2016/2328(INI)

Implementation of Directive 2012/29/EU establishing minimum standards on the rights, support and protection of victims of crime

Procedure completed

Activites

  • 2018/05/30 Results of vote in Parliament
    • Results of vote in Parliament
    • T8-0229/2018 summary
  • 2018/05/29 Debate in Parliament
  • 2018/05/14 Committee report tabled for plenary, single reading
    • A8-0168/2018 summary
  • 2018/04/26 Vote in committee, 1st reading/single reading
  • 2017/01/19 Committee referral announced in Parliament, 1st reading/single reading

Documents

History

(these mark the time of scraping, not the official date of the change)

2018-09-12
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2017-01-19
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2018-04-26
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    http://www.europarl.europa.eu/sides/getDoc.do?type=REPORT&mode=XML&reference=A8-2018-0168&language=EN
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    • The Committee on Civil Liberties, Justice and Home Affairs and the Committee on Women’s Rights and Gender Equality adopted the joint report by Teresa JIMÉNEZ-BECERRIL BARRIO (EPP, ES) and Angelika MLINAR (ALDE, AT) on the implementation of Directive 2012/29/EU establishing minimum standards on the rights, support and protection of victims of crime.

      The report has been adopted pursuant to Rule 55 of the Rules of Procedure of the European Parliament (Joint committee meetings).

      As a reminder, Directive 2012/29/EU seeks to place the victim of a crime at the centre of the criminal justice system, and aims to strengthen the rights of victims of crime so that any victim can rely on the same level of rights, irrespective of where the offence took place, their nationality or residence status.

      Assessment of the implementation of the directive: 23 out of 27 Member States have transposed the Victims’ Rights Directive into national legislation as of September 2017. The Commission has started 16 infringement procedures against Member States that are still not fully compliant in practice.

      Members noted the successful implementation by some Member States of certain provisions of the Victims’ Rights Directive, namely: the right to interpretation and translation, the right to be heard, the protection of child victims, the rights of victims when making a complaint, the right to receive information from the first contact with a competent authority.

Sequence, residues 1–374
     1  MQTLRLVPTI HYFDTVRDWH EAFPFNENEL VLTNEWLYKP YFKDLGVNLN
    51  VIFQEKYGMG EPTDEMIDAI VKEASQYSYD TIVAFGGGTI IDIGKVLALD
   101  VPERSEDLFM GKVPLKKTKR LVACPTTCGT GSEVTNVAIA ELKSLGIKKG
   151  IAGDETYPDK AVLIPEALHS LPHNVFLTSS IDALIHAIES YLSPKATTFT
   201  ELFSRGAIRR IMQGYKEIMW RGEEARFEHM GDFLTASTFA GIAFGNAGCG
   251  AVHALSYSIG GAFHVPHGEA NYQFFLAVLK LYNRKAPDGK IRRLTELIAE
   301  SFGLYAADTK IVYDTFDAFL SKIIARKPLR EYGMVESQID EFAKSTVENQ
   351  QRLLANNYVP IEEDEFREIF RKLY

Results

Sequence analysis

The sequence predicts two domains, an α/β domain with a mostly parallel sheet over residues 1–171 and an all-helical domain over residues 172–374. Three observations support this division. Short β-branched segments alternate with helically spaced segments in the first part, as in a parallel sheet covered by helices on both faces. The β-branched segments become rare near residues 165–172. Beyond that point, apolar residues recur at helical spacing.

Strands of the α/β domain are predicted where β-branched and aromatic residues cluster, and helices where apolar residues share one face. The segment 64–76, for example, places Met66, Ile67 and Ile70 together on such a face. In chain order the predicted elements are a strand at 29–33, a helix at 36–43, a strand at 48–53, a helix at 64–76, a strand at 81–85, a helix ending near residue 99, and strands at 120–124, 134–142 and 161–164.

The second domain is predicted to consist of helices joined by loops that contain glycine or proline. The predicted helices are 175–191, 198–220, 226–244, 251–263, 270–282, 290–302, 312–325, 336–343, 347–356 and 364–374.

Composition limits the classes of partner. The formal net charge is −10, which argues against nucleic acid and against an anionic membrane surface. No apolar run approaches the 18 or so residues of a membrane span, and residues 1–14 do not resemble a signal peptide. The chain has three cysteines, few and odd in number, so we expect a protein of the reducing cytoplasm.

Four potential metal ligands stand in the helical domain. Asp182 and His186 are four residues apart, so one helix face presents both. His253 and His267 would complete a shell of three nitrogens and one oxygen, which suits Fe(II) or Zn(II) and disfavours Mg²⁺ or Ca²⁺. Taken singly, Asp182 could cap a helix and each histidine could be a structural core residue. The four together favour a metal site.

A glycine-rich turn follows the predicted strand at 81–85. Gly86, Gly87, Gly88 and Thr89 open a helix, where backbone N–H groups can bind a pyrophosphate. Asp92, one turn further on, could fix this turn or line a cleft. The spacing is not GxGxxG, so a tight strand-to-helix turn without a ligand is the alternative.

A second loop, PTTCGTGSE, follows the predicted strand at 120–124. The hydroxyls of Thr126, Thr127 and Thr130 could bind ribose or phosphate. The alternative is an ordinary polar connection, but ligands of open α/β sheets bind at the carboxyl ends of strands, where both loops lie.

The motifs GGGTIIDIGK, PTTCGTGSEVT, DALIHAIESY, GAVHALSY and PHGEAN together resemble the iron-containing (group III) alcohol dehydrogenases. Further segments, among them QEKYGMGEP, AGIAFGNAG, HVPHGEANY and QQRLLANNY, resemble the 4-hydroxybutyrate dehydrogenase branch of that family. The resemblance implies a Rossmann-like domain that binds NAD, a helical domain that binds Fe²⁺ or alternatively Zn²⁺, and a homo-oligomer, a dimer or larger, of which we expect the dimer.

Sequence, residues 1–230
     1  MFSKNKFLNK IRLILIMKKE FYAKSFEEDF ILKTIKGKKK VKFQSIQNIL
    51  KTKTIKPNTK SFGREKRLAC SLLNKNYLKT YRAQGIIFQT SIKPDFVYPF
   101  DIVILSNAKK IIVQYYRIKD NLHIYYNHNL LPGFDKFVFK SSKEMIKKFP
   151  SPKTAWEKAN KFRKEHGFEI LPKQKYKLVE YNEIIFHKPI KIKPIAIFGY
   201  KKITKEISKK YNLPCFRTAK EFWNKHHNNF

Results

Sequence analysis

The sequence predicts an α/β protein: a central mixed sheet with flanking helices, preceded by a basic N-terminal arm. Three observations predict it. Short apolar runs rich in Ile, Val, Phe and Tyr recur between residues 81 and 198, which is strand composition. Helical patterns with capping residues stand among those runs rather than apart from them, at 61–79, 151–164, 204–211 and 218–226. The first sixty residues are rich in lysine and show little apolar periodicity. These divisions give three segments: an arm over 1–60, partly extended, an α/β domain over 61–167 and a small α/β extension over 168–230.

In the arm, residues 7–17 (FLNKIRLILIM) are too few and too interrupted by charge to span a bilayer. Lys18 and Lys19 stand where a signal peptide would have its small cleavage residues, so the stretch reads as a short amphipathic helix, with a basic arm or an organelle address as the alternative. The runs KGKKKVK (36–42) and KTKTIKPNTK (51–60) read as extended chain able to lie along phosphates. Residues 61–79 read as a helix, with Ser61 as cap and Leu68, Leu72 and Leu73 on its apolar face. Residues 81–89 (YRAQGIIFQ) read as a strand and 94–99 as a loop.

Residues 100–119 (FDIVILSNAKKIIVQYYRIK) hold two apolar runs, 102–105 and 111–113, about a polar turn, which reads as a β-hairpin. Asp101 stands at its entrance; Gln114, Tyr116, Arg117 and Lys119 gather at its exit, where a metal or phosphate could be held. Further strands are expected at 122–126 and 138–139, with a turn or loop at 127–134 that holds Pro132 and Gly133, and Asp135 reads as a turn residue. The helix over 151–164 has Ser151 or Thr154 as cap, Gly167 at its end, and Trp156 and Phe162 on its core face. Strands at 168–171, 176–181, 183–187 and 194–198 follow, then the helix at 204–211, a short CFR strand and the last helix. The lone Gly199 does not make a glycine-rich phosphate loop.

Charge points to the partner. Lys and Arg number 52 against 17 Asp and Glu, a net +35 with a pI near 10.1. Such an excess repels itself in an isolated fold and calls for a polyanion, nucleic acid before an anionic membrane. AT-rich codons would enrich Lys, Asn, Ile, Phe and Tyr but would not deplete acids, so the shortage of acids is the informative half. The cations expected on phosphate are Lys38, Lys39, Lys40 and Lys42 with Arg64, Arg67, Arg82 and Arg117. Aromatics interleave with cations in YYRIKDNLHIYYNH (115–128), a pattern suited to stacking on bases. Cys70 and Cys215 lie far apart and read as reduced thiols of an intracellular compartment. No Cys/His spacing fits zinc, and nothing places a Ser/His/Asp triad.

Despite many changes introduced in Member States, victims still often lack awareness of their rights, undermining the Victims’ Rights Directive’s effectiveness on the ground and in particular the access to information requirement.

      Members deplored, however, the remaining important shortcomings in the transposition and implementation of the directive in many Member States, in particular as regards:

      • the complexity of procedures for accessing support services;
      • the victim support system, including insufficient access to legal aid and compensation, lack of financial support and coordination between support services, and inconsistent referral mechanisms,
      • the fact that clear information is often not provided in more than one language, making it difficult, de facto, for victims to seek protection abroad in another Member State;
      • the lack of a legislative foot-hold in cross-border cases and the rights of victims resident in other Member States, and failure to take measures to ensure that the lack of or uncertain residence status poses no barrier to victims’ ability to assert their rights under this directive.

      In this regard, Member States are called on to:

      • promote easy access to justice and adequate legal aid free of charge, as this contributes greatly to breaking the silence and increasing the victim’s trust in the criminal justice system, decreases the possibility of impunity and enables the victim to begin the process of psychological recovery;